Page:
Court Without Jurisdiction Can’t Backdate Post-Trial E-Filed Motion

Litigation Law Roundup

Sharp Thinking

No. 156      Perspectives on Developments in the Law from Sharp-Hundley, P.C.     July 2018

Court Without Jurisdiction Can’t

Backdate Post-Trial E-Filed Motion

            Neither Supreme Court Rule 183 nor the rules on e-filing permit a court to backdate a filing when the lapse of the 30-day period under Supreme Court Rule 303 and 735 ILCS 5/2-1203(a) means that the Court has lost jurisdiction.

            So held the Appellate Court for the Second District recently in a case where an unsuccessful plaintiff sought to file a motion to reconsider a judgment but was unable to upload the motion until 3 minutes too late under § 2-1203(a).  Peraino v. County of Winnebago, 2018 IL App (2d) 170368.

            In Peraino, plaintiff’s attorney did not finish the motion to reconsider until 11:55 p.m. on the last day it could be filed.  However, his assistant then encountered difficulty e-filing it, with the fault lying either with his assistant or his e-filing service provider.  As a result, it was not accepted until 12:03 a.m.

            The Appellate Court reasoned that difficulties attributable to the filer are not grounds for changing the upload time under e-filing rules.  More important, it said, “rules that give a court authority to take specific actions presuppose that the court has jurisdiction of the case.”  Because no post-trial motion under § 2-1203(a) was filed by midnight on the last day, the trial court lost jurisdiction of the case and was powerless to grant plaintiff the back-dating relief sought.  Although e-filing rules and Supreme Court Rule 183 “purport to allow the trial court to backdate at any time, the lapse of the 30 days divested the court of jurisdiction to do so,” the Appellate Court said.

Appeals Court Accepts Self-Authentication Theory

            A panel of the Illinois Appellate Court recently accepted the theory that documents produced by a party during discovery can be deemed self-authenticating if the producing party does not dispute that production.

            Ruling in Lamorak Ins. Co. v. Kone, Inc., 2018 IL App (1st) 163398, the panel dealt with three documents apparently from the 1970s and 1980s for which no party offered any foundational evidence under Illinois Rules of Evidence 803(16) (statements in ancient documents) and 901(b)(8) (ancient documents or data compilations).  Relying upon a magistrate judge’s statement in Architectural Iron Workers Local No. 63 Welfare Fund v. United Contractors, Inc., 46 F.Supp.2d 769 (N.D. Ill. 1999), that “documents produced in response to discovery are self-authenticating,” the panel held that the otherwise unauthenticated documents could be considered.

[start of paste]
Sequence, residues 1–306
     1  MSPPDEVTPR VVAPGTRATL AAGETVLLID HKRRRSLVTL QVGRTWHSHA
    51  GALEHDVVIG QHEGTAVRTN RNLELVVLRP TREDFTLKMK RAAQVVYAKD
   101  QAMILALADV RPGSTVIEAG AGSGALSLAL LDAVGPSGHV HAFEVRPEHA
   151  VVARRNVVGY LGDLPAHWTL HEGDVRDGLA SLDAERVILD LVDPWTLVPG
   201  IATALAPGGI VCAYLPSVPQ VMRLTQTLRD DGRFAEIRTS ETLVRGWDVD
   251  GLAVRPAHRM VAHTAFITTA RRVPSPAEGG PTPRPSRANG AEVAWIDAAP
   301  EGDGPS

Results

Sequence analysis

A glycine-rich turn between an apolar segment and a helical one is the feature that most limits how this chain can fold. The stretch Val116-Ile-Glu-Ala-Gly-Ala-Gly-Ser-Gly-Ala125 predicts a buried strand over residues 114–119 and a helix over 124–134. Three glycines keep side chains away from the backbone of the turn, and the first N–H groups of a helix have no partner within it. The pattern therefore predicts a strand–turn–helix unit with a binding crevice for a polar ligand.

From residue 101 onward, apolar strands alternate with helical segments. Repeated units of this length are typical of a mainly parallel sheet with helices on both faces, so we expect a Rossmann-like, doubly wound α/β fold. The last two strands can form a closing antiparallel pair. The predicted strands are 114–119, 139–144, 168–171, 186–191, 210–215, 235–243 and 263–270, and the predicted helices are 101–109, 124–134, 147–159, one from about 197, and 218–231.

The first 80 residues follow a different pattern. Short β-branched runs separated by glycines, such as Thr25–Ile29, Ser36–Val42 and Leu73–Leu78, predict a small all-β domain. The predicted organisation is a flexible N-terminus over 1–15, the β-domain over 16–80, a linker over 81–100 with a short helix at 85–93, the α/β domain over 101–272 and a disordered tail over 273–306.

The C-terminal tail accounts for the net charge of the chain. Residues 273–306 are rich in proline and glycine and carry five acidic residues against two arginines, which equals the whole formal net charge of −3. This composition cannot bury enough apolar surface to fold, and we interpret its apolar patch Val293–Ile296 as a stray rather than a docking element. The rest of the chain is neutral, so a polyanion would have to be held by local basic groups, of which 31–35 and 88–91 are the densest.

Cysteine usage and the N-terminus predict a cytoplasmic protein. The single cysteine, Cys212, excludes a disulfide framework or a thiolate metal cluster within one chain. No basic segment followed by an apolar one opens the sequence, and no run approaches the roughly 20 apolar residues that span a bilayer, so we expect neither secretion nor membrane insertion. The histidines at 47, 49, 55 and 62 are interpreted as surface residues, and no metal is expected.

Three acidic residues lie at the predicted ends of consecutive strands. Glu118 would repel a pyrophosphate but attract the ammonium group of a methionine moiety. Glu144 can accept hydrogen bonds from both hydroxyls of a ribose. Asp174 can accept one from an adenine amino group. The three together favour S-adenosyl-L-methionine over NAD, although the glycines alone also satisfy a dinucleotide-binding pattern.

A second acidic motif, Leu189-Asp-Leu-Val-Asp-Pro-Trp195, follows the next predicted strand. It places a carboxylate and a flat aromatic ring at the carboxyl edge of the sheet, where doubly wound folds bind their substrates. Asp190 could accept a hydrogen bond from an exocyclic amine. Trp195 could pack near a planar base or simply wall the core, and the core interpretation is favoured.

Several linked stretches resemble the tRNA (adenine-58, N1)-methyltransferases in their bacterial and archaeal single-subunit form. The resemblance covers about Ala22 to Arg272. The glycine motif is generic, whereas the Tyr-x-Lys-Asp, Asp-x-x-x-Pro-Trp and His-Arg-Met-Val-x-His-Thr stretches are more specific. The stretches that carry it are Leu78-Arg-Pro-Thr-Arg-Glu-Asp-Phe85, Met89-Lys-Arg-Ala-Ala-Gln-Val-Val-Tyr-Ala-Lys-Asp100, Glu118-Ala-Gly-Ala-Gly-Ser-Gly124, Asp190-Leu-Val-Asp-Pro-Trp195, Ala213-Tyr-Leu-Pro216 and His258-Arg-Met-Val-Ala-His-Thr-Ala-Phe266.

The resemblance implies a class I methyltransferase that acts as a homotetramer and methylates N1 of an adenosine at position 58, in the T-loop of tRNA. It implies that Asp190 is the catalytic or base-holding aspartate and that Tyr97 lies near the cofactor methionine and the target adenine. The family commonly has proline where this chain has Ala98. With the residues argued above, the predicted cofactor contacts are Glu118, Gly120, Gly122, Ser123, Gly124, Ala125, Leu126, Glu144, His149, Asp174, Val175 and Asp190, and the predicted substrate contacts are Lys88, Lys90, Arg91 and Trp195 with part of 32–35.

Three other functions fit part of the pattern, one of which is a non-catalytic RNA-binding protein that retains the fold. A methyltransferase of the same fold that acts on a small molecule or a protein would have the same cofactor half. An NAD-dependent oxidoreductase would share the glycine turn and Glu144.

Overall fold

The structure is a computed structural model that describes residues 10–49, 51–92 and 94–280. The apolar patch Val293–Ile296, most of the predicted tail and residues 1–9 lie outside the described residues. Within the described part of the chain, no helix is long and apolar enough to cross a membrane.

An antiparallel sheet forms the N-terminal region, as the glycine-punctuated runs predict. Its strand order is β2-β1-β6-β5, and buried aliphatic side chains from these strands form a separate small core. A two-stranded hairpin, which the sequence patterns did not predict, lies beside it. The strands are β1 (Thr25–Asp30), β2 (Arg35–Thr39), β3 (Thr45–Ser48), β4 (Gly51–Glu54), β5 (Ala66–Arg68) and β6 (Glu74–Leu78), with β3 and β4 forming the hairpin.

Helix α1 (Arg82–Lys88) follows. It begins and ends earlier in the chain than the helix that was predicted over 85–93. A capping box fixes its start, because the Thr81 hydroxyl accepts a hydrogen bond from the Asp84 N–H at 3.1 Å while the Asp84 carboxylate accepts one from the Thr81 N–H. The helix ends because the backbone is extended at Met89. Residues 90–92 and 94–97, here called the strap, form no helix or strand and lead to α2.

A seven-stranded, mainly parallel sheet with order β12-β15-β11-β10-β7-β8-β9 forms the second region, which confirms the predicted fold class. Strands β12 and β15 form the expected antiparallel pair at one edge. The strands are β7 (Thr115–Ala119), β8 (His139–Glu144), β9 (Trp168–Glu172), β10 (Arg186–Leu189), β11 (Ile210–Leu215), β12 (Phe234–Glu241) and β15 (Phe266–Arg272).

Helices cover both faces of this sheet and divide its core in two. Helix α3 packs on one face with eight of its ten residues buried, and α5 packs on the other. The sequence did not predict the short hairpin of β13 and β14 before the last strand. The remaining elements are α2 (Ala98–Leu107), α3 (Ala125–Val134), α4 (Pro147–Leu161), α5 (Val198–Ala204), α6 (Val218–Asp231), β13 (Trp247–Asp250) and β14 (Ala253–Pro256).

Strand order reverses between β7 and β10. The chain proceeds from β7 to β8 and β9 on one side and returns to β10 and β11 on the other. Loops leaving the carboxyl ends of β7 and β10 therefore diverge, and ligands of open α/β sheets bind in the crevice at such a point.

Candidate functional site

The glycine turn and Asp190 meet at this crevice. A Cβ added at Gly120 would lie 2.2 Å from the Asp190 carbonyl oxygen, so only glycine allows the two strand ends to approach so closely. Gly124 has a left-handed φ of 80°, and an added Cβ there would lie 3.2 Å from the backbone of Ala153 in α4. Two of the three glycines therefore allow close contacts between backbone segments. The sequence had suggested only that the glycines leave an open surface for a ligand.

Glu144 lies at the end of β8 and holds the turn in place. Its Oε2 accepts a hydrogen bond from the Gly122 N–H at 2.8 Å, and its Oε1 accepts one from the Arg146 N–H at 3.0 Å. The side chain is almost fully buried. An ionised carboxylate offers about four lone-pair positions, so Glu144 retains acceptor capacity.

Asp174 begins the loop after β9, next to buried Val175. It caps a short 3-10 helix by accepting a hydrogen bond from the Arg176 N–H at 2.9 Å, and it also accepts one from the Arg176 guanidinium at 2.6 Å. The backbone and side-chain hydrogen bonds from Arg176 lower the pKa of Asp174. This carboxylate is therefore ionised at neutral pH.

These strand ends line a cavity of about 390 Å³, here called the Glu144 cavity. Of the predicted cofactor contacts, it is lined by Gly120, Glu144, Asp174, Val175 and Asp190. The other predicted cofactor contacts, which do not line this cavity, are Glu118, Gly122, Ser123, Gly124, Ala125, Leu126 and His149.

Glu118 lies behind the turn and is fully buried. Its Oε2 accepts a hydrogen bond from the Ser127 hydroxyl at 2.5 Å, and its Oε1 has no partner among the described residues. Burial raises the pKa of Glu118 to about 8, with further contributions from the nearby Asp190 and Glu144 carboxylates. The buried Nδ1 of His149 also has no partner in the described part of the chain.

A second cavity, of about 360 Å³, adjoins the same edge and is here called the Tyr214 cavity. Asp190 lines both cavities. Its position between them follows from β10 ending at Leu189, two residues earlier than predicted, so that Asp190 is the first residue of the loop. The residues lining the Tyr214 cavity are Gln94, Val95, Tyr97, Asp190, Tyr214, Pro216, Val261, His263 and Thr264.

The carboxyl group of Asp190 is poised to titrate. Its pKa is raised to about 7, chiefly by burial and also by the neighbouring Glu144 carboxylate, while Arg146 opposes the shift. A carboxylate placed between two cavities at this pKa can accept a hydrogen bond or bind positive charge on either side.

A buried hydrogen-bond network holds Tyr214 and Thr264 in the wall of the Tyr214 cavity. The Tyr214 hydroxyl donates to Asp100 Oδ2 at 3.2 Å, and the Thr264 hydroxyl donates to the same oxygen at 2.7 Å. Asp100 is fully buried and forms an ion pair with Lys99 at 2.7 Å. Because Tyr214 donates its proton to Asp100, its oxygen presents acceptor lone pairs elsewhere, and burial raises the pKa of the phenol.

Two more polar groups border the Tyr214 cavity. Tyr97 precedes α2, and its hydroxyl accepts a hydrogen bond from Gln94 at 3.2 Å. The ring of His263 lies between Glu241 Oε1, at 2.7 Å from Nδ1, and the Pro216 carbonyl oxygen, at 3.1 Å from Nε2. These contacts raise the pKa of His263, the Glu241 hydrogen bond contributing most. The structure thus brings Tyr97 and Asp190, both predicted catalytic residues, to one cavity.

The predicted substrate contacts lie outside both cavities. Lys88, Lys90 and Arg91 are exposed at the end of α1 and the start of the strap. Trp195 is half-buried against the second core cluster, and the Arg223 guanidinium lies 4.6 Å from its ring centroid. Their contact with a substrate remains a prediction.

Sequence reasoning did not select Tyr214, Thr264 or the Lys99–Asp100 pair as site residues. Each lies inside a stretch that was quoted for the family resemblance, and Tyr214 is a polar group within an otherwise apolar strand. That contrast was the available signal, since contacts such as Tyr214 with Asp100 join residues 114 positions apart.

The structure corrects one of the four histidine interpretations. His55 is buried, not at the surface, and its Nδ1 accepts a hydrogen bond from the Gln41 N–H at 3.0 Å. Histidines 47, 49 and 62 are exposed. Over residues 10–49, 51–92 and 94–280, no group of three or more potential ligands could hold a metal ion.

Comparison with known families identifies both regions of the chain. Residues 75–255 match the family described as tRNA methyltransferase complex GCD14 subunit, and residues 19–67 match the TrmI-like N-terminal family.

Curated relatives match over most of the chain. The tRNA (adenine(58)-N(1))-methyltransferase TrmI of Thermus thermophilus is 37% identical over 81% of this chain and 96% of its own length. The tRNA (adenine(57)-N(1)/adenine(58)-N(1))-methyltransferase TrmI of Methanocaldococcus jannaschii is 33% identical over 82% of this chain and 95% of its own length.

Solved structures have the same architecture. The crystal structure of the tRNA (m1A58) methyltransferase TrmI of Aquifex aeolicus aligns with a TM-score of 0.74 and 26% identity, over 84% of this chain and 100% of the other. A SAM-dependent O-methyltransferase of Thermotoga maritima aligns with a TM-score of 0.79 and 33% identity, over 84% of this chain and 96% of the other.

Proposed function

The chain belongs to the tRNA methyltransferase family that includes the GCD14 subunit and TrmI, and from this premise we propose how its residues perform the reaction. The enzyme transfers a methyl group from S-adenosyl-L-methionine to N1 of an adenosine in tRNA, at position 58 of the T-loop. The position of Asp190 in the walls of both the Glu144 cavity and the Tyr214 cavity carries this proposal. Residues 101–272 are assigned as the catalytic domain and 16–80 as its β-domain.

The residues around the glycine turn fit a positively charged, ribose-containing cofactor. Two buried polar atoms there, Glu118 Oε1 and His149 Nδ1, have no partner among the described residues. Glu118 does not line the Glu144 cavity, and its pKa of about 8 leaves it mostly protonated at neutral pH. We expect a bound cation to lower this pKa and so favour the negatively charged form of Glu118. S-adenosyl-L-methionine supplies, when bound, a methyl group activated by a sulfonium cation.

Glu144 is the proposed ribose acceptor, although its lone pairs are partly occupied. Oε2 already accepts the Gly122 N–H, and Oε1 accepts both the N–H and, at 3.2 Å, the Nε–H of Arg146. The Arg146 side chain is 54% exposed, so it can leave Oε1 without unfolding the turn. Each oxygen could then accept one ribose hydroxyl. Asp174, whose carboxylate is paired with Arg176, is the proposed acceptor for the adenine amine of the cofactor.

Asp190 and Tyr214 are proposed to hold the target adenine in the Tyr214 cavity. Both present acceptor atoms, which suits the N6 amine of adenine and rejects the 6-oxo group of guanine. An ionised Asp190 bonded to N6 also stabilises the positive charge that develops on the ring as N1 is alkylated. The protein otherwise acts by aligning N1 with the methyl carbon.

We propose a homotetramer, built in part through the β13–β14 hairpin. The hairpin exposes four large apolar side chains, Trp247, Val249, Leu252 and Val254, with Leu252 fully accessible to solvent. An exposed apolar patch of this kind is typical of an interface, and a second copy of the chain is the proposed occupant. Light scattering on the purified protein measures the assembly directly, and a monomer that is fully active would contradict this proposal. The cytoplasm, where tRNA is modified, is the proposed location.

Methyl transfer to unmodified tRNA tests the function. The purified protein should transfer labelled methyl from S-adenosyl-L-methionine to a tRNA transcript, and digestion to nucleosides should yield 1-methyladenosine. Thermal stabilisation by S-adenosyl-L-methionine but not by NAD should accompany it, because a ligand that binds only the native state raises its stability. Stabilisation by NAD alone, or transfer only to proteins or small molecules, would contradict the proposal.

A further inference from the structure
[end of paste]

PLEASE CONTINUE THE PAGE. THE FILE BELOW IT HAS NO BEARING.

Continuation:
We think Lamorak is incorrect on this point.  A party’s duty in discovery is to produce all documents in its possession, custody or control, regardless of how they got there, and regardless of whether they accurately speak for the producing party.  Rule 901(a) requires “evidence sufficient to support a finding that the matter in question is what its proponent claims.”  Courts degrade the reliability of evidence when they admit a document without any foundational evidence that the document is what it is purported to be.

WestLaw Cites Are Not “Any Authority”

                Federal cases published only in the electronic services “do not carry any authority before an Illinois court,” according to a panel of the Appellate Court in Chicago.

            Writing in U.S. Bank, N.A. v. Randhurst Crossing LLC, 2018 IL App (1st) 170348, the panel treated WestLaw citations like “unreported decisions [that] have no precedential value.”

            The panel said this was “even more true for decisions from foreign jurisdictions,” seeming to treat the Northern District of Illinois as a foreign jurisdiction. 

Judge Must Provide Notice Of Indirect Contempt Hearing

                A trial judge who found the respondent in indirect contempt of court upon presentation of a petition for a rule to show cause denied the respondent of her procedural rights, a panel of the Appellate Court in Chicago has ruled. 

            Writing in Milton v. Therra, 2018 IL App 171392, the panel said that “because judges in indirect contempt proceedings do not have personal knowledge of the allegedly contumacious conduct, the contemnor cannot be punished summarily.”

            Rather, the judge must first enter the rule to show cause, which provides notice of a separate hearing on the contempt charge.  Notice of the indirect civil contempt proceeding must (i) “contain an adequate description of the facts on which the contempt charge is based” and (ii) “inform the alleged contemnor of the time and place of an evidentiary hearing on the charge within a reasonable time in advance of the hearing,” the panel said.

            Moreover, the alleged contemnor “must be allowed to present evidence on her own behalf so that she has a full opportunity for explanation” of her allegedly contumacious conduct.

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